RARE AND EXPENSIVE: Bird seller Robert Roser at Orange Bird Society’s bird sale with a male Cuban Amazon, which, when sold with a female, can cost more than $20,000. Photo: ALEXANDRA KING 0307akbird2TOUTED as one of the largest bird sales in Australia, Orange Bird Society’s bird sale did not disappoint bird lovers who came from across the state to buy and sell thousands of birds on Saturday.
Early estimates indicate this year’s bird sale is the biggest the society has held, with 6000 birds and 300 sellers crowding into Orange PCYC’s Sir Neville Howse Stadium.
“We had 5500 birds last year, with quite a few empty tables, but this year we’ve no empty tables so we’re well up at the 6000-bird mark,” Orange Bird Society treasurer Ray Smith said.
The bird sale attracted sellers from all over NSW and interstate, selling species from across the globe, with prices ranging from $20 to thousands of dollars per bird.
Robert Roser of Hillview Aviaries travelled from Braxton in the Hunter Valley to sell birds at the sale for the first time.
Among his birds was the talk of the sale, the rare Cuban Amazon, a bright green parrot with a white head and pink throat, that can cost more than $20,000 when sold in a breeding pair.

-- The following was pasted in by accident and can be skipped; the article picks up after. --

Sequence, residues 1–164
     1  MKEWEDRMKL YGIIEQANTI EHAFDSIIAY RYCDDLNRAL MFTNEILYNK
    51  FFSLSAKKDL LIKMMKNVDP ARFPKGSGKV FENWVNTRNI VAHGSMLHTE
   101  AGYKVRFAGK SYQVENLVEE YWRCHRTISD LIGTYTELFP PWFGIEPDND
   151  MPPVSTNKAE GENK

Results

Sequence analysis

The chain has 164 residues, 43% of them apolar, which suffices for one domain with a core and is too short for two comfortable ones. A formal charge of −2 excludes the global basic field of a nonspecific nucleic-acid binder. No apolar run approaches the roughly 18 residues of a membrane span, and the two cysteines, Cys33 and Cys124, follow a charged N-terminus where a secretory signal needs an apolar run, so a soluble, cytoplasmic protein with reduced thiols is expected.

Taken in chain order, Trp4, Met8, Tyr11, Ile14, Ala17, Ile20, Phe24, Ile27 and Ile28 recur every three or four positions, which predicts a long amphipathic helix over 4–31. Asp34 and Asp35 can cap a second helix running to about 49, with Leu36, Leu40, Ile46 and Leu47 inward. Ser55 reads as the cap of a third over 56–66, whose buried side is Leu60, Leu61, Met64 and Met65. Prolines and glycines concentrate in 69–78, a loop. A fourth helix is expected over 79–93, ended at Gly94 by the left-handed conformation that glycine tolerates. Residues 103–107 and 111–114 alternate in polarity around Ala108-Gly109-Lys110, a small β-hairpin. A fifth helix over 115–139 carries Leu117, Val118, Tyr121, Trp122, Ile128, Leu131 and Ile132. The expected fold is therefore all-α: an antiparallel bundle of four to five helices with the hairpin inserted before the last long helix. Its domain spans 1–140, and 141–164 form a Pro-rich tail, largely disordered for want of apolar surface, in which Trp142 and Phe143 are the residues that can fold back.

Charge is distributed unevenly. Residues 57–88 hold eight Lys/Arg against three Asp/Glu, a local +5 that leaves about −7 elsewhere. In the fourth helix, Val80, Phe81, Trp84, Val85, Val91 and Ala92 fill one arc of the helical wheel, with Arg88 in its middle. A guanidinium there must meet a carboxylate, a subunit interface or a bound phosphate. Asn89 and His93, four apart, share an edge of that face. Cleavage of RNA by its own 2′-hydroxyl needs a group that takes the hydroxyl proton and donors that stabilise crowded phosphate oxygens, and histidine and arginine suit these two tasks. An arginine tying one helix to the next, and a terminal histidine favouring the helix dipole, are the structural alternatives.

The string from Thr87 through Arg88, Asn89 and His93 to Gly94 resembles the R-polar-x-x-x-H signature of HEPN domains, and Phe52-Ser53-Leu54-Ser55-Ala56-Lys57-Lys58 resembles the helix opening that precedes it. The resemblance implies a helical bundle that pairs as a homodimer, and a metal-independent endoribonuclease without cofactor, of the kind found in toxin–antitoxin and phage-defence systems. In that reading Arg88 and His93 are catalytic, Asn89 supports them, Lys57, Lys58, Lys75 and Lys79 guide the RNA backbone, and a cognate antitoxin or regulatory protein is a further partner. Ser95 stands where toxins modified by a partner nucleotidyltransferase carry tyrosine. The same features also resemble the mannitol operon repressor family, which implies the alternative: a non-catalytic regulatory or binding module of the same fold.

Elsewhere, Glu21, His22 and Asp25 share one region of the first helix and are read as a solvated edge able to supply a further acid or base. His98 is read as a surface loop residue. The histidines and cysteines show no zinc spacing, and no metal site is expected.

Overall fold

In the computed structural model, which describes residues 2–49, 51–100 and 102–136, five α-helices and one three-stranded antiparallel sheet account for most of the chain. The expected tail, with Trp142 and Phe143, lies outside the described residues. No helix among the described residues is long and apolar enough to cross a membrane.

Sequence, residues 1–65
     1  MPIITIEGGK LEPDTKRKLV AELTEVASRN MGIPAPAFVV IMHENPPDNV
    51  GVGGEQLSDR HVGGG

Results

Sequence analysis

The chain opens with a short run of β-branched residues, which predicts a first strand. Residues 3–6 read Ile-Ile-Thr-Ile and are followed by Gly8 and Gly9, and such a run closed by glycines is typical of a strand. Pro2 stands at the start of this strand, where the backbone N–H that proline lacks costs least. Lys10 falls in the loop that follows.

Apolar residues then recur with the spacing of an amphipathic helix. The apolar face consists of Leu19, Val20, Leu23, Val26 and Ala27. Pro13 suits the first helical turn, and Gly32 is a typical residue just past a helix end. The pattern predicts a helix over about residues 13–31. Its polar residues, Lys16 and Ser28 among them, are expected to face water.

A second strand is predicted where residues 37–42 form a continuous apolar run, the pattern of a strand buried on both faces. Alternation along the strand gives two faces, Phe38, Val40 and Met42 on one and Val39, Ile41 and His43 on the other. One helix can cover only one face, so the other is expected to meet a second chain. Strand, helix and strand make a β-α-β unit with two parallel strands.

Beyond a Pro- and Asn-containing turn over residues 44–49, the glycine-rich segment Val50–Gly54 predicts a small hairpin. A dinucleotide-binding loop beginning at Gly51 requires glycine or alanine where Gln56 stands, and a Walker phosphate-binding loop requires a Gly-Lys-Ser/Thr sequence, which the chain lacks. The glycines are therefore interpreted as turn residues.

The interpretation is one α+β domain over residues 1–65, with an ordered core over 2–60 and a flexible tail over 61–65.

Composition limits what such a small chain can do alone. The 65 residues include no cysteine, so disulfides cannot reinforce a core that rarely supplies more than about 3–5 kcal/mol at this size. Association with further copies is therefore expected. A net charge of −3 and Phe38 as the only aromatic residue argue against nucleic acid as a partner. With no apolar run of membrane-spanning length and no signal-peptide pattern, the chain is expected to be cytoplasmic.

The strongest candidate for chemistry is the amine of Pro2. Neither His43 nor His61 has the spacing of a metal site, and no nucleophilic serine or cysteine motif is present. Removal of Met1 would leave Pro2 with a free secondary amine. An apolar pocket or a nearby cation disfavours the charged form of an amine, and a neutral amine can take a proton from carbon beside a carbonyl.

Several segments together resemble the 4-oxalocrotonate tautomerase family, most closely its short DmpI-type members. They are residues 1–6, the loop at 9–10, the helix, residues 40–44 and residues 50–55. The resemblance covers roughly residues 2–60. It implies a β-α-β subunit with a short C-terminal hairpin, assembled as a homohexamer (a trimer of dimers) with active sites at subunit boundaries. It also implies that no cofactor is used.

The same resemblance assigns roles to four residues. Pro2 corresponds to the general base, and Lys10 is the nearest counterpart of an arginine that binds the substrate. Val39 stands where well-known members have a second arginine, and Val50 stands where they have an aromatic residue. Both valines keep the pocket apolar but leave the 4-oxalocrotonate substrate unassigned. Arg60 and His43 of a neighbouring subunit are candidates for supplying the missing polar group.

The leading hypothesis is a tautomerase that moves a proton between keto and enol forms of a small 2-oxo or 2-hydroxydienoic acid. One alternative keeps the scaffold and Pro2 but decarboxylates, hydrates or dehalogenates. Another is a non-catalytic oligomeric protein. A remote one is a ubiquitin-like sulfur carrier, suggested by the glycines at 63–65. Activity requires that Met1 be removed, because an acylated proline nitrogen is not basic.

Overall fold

“Not many people have Cuban parrots in Australia, so they can be quite expensive,” Mr Roser said.
“People like them because they’re so rare and uncommon.”
With nine years’ experience of breeding and selling birds, Mr Roser said first-time buyers should look to purchase less expensive birds like finches and small parrots.
“Buy what you like, but don’t go straight to the top. Slowly work your way up to the dearer birds,” he said.
Mr Smith, who breeds lorikeets, said the hundreds of different species at the sale was proof everyone had a slightly different taste in birds.
“Beauty is in the eye of the beholder,” he said.
“People buy birds because they like the look of them, for example, I like black cockatoos, but they’re quite common.”
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